'2Friedman(1999:267ff) notes that George Soros was the star of Davos in 1995, when the triumphof global
capital was being celebrated,but that the next year Russian CommunistParty leader GennadiA. Zyuganov was

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with the proverbialgrain of salt, but they do express fissures and openings in the system
for critical discourse and intervention.
Indeed, by 1999, the theme of the annual Davos conference centered around making
globalization work for poor countriesand minimizing the differences between the "haves"
and the "have-nots."The growing divisions between rich and poor were worrying some
globalizers, as was the wave of crises in Asian, Latin American, and other developing
countries.In James Flanigan'sreportin the Los Angeles Times(Flanigan 1999), the "main
theme" is to "spread the wealth. In a world frightened by glaring imbalances and the
weakness of economies from Indonesia to Russia, the talk is no longer of a new world
economy getting strongerbut of ways to 'keep the engine going' " (p. A13). In particular,
the globalizers were attemptingto keep economies growing in the more developed countries and capital flowing to developing nations. U.S. Vice PresidentAl Gore called on all
countriesto spureconomic growth, and he proposed a new U.S.-led initiative to eliminate
the debt burdensof developing countries. South African PresidentNelson Mandelaasked:
"Is globalization only for the powerful? Does it offer nothing to the men, women and
children who are ravaged by the violence of poverty?" (ibid.).
THE GLOBALMOVEMENTAGAINST CAPITALISTGLOBALIZATION
No clear answer emerged to Mandela's question as the new millennium opened, and with
the global economic recession and the TerrorWareruptingin 2001, the situation of many
developing countrieshas worsened. Yet as part of the backlash against globalization over
the past years, a numberof theoristshave arguedthatthe proliferationof difference and the
move to more local discourses and practices define the contemporaryscene. In this view,
theory and politics should shift from the level of globalizationand its accompanying,often
totalizing, macrodimensionsin orderto focus on the local, the specific, the particular,the
heterogeneous,and the microlevel of everyday experience.An arrayof theories associated
with poststructuralism,postmodernism,feminism, and multiculturalismfocuses on difference, otherness, marginality,the personal, the particular,and the concrete over more general theory and politics thataim at more global or universalconditions.13 Likewise, a broad
spectrumof subculturesof resistance have focused their attentionon the local level, organizing struggles aroundidentity issues such as gender, race, sexual preference, and youth
subculture.
It can be arguedthat such dichotomies as those between the global and the local express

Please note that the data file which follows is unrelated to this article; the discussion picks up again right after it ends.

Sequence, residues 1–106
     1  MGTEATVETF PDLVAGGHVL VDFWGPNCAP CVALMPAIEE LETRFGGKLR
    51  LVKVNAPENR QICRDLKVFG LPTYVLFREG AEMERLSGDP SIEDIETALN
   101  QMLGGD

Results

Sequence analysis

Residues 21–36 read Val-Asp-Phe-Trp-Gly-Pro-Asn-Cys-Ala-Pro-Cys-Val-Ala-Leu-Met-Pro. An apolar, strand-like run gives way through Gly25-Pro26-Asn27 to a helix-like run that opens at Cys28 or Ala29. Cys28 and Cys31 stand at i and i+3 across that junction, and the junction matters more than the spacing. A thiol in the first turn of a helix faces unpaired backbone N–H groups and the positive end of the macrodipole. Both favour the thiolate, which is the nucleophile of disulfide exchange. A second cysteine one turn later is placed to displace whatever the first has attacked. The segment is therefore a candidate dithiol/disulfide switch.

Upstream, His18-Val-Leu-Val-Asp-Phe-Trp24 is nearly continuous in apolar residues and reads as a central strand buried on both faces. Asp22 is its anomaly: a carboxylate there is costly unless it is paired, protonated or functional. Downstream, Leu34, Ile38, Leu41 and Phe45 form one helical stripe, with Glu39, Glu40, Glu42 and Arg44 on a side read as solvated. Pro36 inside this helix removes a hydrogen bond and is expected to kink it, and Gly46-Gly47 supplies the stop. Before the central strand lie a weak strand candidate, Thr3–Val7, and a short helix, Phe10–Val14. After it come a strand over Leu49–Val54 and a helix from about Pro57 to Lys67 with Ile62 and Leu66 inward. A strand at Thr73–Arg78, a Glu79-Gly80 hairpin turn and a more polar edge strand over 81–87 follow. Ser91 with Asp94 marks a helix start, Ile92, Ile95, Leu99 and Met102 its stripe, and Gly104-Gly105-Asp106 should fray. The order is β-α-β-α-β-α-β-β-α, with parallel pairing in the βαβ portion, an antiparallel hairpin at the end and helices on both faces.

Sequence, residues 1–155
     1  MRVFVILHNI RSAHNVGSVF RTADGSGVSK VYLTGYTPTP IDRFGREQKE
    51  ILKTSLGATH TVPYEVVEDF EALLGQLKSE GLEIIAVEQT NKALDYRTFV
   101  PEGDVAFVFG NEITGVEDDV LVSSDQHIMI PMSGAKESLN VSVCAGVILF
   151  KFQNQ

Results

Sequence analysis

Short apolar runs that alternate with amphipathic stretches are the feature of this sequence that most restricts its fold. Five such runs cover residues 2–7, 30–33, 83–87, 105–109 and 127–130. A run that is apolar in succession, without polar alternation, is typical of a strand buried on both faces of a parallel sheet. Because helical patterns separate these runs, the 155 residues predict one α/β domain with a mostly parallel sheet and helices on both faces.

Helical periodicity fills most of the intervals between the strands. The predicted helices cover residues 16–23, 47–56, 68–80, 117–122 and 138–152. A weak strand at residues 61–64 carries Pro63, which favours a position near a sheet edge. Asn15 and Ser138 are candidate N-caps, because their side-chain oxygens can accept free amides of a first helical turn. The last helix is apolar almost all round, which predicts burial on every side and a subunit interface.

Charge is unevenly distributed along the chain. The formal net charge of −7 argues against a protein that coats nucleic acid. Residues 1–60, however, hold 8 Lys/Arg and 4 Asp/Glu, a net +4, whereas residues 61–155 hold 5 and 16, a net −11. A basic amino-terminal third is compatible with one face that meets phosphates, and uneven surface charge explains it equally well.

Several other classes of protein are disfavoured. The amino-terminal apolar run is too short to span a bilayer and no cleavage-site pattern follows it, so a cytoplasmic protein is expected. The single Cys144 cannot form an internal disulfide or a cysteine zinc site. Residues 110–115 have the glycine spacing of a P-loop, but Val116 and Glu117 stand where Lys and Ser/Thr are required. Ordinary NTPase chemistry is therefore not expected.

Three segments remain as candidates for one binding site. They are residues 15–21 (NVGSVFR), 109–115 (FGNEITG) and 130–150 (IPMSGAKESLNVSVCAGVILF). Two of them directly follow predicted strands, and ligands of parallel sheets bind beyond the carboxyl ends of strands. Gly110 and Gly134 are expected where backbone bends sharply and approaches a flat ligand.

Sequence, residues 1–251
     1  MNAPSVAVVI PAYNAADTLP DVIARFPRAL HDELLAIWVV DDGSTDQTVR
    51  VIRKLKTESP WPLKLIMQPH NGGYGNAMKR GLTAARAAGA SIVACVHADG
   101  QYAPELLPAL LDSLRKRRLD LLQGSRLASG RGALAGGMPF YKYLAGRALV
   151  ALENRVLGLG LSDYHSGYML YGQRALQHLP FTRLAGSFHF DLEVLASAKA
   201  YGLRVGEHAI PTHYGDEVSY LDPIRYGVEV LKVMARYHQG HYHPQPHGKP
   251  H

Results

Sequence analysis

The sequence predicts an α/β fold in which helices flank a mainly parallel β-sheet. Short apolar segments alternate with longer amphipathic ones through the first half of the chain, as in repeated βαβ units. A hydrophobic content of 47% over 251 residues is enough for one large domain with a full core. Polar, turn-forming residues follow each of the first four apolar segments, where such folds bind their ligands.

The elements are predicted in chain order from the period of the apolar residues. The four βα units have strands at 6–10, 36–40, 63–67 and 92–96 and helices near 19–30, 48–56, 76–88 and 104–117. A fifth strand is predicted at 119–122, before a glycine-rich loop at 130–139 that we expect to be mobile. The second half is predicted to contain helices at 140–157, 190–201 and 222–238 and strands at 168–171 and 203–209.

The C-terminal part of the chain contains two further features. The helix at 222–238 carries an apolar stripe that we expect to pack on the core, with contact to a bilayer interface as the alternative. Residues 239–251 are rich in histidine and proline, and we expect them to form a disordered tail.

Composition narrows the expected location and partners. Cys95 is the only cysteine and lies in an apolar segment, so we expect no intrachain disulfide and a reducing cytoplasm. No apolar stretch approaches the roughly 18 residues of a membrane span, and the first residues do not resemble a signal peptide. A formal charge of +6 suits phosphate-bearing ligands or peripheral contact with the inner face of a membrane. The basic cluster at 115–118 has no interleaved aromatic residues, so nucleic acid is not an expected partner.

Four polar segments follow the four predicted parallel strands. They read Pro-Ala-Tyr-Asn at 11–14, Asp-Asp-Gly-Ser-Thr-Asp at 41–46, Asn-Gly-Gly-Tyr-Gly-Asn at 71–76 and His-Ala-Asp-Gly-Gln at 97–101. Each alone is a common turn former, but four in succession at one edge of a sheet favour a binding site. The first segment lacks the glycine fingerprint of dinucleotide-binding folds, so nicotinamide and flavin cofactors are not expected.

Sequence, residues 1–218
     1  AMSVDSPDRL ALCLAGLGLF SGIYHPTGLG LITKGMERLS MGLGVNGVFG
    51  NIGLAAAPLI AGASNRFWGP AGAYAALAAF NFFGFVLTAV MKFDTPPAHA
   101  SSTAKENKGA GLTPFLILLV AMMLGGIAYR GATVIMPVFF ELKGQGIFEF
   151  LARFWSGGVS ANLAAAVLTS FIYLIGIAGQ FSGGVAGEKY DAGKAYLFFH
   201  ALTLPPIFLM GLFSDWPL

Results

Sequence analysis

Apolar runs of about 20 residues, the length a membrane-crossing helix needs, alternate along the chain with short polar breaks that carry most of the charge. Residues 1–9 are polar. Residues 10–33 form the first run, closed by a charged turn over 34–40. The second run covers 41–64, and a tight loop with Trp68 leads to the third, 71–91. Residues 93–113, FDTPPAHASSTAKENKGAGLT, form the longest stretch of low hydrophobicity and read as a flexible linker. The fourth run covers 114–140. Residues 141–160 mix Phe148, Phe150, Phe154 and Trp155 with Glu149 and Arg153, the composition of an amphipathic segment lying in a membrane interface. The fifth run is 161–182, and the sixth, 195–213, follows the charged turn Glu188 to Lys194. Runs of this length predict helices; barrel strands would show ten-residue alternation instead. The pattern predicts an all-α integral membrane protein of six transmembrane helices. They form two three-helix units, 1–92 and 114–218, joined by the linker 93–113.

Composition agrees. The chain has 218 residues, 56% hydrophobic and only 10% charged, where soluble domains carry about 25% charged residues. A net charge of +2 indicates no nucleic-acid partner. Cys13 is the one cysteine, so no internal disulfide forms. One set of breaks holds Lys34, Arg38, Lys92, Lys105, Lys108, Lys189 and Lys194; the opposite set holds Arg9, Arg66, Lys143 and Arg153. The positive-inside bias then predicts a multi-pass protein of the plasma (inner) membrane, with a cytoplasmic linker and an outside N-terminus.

contradictionsand tensions between crucial constitutiveforces of the presentmoment, and
that it is thereforea mistake to reject focus on one side in favor of exclusive concern with
the other (Cvetkovich and Kellner 1997). Hence, an important challenge for a critical
theory of globalization is to think through the relationships between the global and the
local by observing how global forces influence and even structurean increasingnumberof
local situations. This requires analysis of how local forces mediate the global, inflecting
global forces to diverse ends and conditions and producing unique configurations of the
local and the global as the matrix for thought and action in the contemporaryworld (see
Luke and Luke 2000).
Globalizationis thus necessarily complex and challenging to both critical theories and
radical democratic politics. However, many people operate with binary concepts of the
a majormedia focus when unrestrainedglobalization was being questioned.Friedmandoes not point out that this
was a result of a growing recognition that divisions between "haves"and "have-nots"were becoming too scandalous and that predatorycapitalism was becoming too brutaland ferocious.
13Such positions are associated with the postmoderntheories of Foucault, Lyotard,and Rorty and have been
taken up by a wide range of feminists, multiculturalists,and others. On these theorists and postmoder politics,
see Best and Kellner (1991, 1997, 2001) and the valorization and critique of postmodernpolitics in Hardtand
Negri (2000) and Burbach(2001).

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global and the local and promoteone or the other side of the equationas the solution to the
world'sproblems.For globalists, globalizationis the solution and underdevelopment,backwardness, and provincialism are the problems. For localists, globalization is the problem
and localization is the solution. Less simplistically,however, it is the mix that matters,and
whetherglobal or local solutions are most fitting depends on the conditions in the distinctive context that one is addressingand the specific solutions and policies being proposed.
For instance, the Internetcan be used to promote capitalist globalization or struggles
against it. One of the more instructiveexamples of the use of the Internetto foster movements against the excesses of corporatecapitalism occurredin the protests in Seattle and
throughoutthe world against the WorldTradeOrganization(WTO) meeting in December